The EU and the populist challenge
The European Union is both a target and an arena for populism, writes John Erik Fossum in the Canadian journal of opinion Inroads.
European populist movements started out as fringe groups, but their views are today becoming part of the mainstream, writes Fossum in the article. Established parties are moving closer towards populist positions, and populist parties are increasingly gaining positions of power.
'The populists' favourite target is the European Union', he continues. 'The EU appears to fit the populist stereotype of an aloof elite disconnected from the people: its movers and shakers are executives and experts, in charge of institutions without proper anchoring in the demos'.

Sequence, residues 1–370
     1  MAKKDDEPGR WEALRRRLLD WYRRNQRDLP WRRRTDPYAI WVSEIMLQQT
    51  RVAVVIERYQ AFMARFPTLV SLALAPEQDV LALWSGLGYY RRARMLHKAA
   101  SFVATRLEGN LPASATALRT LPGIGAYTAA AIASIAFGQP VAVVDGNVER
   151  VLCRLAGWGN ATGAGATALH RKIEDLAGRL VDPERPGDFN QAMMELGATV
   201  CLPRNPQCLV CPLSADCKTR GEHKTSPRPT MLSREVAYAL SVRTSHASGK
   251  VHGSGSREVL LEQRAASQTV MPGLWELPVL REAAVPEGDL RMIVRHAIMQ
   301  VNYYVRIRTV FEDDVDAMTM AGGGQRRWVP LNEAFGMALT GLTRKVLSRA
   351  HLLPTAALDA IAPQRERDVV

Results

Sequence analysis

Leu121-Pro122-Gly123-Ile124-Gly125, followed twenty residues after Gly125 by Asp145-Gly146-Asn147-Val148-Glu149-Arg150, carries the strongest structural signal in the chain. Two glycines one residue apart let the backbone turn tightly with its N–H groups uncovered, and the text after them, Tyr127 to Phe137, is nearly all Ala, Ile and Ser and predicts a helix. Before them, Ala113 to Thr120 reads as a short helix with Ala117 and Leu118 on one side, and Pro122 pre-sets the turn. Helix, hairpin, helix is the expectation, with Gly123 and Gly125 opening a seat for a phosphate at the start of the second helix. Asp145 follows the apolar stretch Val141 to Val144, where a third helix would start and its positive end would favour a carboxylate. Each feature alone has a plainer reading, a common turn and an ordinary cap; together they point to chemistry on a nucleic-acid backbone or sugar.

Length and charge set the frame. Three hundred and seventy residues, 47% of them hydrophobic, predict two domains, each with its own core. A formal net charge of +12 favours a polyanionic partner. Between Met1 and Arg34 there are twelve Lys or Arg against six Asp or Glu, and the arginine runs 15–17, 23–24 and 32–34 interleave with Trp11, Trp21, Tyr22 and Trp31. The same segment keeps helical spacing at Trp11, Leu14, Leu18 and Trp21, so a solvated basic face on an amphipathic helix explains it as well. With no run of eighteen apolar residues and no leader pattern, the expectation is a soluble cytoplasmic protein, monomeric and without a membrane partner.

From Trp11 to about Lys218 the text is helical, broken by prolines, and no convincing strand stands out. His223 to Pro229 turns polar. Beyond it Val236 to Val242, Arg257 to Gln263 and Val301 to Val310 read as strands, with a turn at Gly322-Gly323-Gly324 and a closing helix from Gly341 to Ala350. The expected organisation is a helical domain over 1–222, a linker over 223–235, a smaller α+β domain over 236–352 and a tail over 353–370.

The EU also fosters populism
But the EU is not only a populist target: it also fosters populism. In the European Parliament, populist parties are strongly represented – often much stronger than in their respective national parliaments. 'The EU level facilitates cross-national populist organizing and politics in Europe', Fossum maintains. Not only the nation-state but also Europe itself is worthy of protection, according to for instance Islamophobes.
Populism thrives on crises
'Populism thrives on crises. In that sense, contemporary Europe is fertile ground'. The aftermath of the financial and Eurozone crises is an interesting case in point. In southern Europe, where crisis hit the hardest, left-wing populism surged. In northern Europe, on the other hand, right-wing populism has been the main response. This shows that there is no direct relationship between social or economic disenfranchisement and right-wing populism.